Legislation calls for locally administered forgivable loan program to help new R.I. businesses

A BILL INTRODUCED in the R.I. House of Representatives on April 16 seeks to help small businesses that opened after the pandemic by creating a state-run version of the U.S. Small Business Administration loan program for which both existing and new businesses could qualify. / PBN FILE PHOTO/NICOLE DOTZENROD

PROVIDENCE – If you started a small business after Feb. 15, 2020, you are out of luck when it comes to getting in on the popular Paycheck Protection Program.

A bill introduced in the R.I. House of Representatives on April 16 seeks to help these newer small-business owners by creating a state-run version of the U.S. Small Business Administration loan program for which both existing and new businesses could qualify. The legislation, introduced by Rep. Justine Caldwell, D-East Greenwich, in conjunction with R.I. Treasurer Seth Magaziner, would use federal stimulus money to prop up a PPP-like program offering up to $25,000 in forgivable payroll loans to new, existing or restarted businesses with 50 or fewer employees.

Caldwell in an interview with PBN on Monday said she introduced the bill based on a presentation Magaziner gave to the House Small Business Committee. Caldwell said she has spoken to a number of business owners who were in the midst of opening or starting additional businesses when the COVID-19 pandemic hit and whose plans were delayed due to the economic recession and health-related restrictions.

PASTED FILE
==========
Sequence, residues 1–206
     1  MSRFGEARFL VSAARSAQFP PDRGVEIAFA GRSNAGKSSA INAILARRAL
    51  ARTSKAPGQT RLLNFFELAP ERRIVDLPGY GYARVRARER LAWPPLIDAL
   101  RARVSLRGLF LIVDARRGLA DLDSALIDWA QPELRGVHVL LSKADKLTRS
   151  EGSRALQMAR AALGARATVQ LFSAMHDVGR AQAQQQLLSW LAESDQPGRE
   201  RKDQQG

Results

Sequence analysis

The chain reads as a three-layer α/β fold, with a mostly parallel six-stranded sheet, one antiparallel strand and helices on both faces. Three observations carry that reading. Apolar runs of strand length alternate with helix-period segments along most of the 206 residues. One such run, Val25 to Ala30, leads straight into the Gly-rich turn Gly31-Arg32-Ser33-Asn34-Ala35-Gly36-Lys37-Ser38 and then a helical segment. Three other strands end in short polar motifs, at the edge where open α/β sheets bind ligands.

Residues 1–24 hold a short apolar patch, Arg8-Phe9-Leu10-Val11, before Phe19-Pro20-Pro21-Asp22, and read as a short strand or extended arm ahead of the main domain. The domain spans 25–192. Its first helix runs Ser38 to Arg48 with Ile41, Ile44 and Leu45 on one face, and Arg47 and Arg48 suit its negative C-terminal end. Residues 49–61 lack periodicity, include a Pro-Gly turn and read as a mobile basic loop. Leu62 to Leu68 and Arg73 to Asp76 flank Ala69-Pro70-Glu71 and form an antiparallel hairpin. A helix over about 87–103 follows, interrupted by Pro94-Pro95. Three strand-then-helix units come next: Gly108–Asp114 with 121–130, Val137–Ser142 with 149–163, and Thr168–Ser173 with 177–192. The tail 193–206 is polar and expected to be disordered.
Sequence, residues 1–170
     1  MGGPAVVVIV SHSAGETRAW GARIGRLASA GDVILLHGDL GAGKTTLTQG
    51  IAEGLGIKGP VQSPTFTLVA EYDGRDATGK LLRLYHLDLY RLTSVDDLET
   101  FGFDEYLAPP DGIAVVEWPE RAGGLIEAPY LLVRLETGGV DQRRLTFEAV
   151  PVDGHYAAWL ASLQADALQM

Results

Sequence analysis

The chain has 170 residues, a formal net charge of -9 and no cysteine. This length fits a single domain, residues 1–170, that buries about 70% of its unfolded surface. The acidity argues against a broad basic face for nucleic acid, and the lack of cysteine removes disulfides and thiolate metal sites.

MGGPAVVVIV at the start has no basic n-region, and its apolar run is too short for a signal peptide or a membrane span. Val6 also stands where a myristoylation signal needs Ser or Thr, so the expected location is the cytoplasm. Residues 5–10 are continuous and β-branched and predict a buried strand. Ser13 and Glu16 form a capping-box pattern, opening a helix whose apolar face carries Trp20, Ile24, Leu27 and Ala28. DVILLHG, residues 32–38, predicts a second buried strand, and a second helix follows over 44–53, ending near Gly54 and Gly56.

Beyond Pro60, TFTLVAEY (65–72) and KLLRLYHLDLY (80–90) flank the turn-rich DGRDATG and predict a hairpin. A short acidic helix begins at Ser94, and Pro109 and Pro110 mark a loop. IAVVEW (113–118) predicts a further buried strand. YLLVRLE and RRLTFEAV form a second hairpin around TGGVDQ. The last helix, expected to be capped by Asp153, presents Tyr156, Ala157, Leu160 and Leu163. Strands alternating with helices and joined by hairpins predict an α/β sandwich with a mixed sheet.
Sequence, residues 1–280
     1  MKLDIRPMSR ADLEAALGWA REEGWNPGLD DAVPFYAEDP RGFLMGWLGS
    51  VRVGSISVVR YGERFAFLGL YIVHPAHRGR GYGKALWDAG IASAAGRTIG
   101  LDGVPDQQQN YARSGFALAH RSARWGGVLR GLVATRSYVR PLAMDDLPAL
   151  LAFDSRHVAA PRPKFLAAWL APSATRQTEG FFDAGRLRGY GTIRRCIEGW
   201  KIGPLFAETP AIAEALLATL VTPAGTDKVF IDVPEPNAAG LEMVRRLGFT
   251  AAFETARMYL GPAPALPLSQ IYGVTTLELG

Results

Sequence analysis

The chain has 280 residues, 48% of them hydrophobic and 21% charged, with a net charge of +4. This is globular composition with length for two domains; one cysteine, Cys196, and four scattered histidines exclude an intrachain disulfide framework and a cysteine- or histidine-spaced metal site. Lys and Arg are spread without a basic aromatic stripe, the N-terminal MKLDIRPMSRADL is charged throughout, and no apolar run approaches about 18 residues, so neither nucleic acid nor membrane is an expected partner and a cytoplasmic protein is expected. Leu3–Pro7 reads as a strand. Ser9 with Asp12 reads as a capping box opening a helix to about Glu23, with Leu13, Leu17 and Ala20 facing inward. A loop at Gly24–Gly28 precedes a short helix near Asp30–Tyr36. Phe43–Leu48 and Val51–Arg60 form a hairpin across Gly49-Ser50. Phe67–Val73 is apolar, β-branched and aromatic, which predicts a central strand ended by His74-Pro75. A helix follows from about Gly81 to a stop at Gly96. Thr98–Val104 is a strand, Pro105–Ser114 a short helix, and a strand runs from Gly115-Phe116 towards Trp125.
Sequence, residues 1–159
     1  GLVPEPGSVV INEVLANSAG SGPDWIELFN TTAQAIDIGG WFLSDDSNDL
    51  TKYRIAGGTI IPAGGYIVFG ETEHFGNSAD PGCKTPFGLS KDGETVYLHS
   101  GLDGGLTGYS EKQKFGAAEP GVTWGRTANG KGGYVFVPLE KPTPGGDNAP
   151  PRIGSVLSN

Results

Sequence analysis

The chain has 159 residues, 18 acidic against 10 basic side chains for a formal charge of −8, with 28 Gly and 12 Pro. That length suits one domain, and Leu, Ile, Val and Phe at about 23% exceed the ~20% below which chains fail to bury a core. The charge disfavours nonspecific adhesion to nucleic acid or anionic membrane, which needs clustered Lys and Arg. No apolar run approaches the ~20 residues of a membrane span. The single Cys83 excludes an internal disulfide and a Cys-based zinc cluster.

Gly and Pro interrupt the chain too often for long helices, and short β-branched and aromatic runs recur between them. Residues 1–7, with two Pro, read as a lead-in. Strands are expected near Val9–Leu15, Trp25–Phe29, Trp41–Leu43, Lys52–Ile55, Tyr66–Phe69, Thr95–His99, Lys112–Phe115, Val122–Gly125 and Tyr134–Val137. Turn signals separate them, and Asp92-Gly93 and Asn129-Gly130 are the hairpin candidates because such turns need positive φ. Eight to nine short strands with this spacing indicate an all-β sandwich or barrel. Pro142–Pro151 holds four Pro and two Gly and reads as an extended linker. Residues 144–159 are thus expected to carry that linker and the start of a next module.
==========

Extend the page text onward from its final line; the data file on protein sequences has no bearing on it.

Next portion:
“Generally, our goal is to make it easier for people to open businesses in Rhode Island,” she said.

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Exactly how much money would be put into this program has not been decided – the intent is to present a framework and decide funding later on, according to Rosie Hilmer, a spokeswoman for Magaziner’s office. While the legislation proposes having R.I. Commerce Corp. create and run the program, the state could also partner with third-party administrators if needed, Hilmer said in an email.

As proposed, recipients would have their loans forgiven if they used the money for payroll costs and salaries, group health care benefits, mortgage payments, rent, utilities, debt interest, capital equipment, legal fees, and licensing and permitting costs.

Sole proprietors, independent contractors and “eligible self-employed individuals” could also receive funding.

The bill has been referred to the House Finance Committee, and no hearing has been scheduled.

Nancy Lavin is a PBN staff writer. You may reach her at Lavin@PBN.com.

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